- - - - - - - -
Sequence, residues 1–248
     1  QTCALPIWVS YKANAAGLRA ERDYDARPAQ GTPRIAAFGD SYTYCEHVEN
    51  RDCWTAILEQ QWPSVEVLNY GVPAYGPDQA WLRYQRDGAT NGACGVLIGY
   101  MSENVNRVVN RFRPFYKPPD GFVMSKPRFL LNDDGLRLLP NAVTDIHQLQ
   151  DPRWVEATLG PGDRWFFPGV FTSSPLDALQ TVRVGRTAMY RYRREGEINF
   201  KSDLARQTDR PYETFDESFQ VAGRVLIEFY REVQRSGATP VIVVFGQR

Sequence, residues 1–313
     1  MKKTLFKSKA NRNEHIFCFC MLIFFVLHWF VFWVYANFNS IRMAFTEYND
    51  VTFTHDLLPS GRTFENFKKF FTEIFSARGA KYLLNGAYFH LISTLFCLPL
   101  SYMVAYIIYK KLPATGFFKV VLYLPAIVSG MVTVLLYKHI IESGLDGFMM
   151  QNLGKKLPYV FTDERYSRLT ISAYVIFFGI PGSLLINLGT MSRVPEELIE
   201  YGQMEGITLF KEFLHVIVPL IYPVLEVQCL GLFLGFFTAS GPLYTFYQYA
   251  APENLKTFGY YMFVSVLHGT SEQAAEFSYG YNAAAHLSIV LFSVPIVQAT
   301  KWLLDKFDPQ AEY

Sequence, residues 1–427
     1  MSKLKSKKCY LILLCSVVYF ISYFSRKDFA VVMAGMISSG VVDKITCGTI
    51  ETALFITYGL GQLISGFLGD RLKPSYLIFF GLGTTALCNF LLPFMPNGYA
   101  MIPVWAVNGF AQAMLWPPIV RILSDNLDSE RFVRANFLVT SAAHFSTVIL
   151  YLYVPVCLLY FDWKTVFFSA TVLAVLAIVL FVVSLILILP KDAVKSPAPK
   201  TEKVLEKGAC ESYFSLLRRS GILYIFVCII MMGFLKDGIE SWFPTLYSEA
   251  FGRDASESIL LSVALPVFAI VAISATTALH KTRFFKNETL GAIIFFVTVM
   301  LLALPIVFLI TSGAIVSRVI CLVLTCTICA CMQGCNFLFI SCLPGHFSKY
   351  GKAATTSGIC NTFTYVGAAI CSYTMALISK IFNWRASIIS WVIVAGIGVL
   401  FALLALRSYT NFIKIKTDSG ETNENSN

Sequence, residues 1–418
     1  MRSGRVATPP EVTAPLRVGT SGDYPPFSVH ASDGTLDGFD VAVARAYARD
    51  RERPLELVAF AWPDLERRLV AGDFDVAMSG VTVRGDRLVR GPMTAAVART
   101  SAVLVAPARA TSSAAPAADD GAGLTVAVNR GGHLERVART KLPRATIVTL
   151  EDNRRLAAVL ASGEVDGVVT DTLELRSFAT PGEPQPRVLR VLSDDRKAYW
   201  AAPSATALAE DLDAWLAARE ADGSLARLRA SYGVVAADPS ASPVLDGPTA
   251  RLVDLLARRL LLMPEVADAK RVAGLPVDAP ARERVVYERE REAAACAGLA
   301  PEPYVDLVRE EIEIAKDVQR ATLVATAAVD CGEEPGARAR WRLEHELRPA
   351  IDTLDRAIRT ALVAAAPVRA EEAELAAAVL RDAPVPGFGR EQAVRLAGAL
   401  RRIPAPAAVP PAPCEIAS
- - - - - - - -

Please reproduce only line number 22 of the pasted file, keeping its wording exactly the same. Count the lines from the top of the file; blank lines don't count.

   301  LLALPIVFLI TSGAIVSRVI CLVLTCTICA CMQGCNFLFI SCLPGHFSKY